Worst deal ever? Bayer’s market cap now close to the total cost it paid for Monsanto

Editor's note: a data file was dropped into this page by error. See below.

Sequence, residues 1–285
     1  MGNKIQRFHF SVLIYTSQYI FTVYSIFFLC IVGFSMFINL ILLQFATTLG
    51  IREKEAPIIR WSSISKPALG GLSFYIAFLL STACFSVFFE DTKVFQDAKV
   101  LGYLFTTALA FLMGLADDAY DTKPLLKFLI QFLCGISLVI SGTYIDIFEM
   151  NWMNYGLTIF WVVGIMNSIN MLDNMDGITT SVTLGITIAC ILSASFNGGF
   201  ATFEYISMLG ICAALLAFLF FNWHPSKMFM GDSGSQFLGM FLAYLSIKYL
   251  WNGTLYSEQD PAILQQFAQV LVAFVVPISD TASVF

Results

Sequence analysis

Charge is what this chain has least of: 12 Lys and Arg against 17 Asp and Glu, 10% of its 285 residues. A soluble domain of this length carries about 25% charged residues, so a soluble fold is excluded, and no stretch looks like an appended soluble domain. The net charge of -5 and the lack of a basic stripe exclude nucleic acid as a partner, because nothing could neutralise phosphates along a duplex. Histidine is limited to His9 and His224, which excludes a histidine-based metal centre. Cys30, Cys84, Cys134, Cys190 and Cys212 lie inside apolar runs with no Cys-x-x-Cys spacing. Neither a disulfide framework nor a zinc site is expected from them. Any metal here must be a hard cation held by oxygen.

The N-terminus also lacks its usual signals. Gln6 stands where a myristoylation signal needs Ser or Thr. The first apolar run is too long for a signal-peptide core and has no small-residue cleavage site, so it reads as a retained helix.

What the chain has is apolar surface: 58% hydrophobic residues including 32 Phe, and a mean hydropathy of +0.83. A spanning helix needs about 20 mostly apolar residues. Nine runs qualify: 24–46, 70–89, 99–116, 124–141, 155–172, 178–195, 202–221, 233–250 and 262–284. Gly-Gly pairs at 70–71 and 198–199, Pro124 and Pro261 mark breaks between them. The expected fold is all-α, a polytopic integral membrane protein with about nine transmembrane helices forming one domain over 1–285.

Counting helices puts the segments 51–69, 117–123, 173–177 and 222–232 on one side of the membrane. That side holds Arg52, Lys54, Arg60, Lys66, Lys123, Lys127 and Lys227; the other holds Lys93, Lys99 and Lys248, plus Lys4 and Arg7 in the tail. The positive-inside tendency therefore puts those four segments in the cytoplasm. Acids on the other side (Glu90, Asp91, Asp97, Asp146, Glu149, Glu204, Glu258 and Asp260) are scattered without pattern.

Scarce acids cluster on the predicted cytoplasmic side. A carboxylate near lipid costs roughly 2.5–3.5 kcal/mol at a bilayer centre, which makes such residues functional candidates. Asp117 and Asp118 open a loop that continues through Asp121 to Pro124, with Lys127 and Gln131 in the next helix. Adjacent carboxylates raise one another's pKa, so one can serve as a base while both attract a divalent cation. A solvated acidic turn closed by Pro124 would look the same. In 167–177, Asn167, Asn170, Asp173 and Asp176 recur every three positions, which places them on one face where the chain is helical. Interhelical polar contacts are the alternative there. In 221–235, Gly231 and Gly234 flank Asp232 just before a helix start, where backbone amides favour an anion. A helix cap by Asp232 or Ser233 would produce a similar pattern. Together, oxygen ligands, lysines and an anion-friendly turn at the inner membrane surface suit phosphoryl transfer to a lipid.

What does one of the worst corporate deals in modern history look like? In Bayer’s Monsanto takeover, it means the value of an entire company has gone poof. Bayer acquired Monsanto for $63 billion in 2018 after a tough buyout battle and intense antitrust scrutiny. The German conglomerate’s market cap in Frankfurt today is close to that dollar amount—and that’s after rumors of an $8 billion Roundup settlement drove up its shares by more than 15% in early August. At a 30% loss of share value since it closed, the deal stands as one of the worst, sitting alongside AOL’s merger with Time Warner and Bank of America’s acquisition of Countrywide, The Wall Street Journal has found. The Monsanto takeover, championed by CEO Werner Baumann, sure boosted Bayer’s crop science business. But the original idea was that it wouldn’t hamper the company’s ability to make investments on the pharma side, which has been Bayer's growth engine for years. The two firms cut a deal in September 2016 after Bayer raised its offer several times. But antitrust pressures delayed the takeover, and to please the U.S. Justice Department, Bayer ultimately agreed to sell off $9 billion worth of assets. But in the meantime, lawsuits claiming Monsanto’s Roundup weedkiller caused cancer were advancing—and Bayer would soon feel their sting.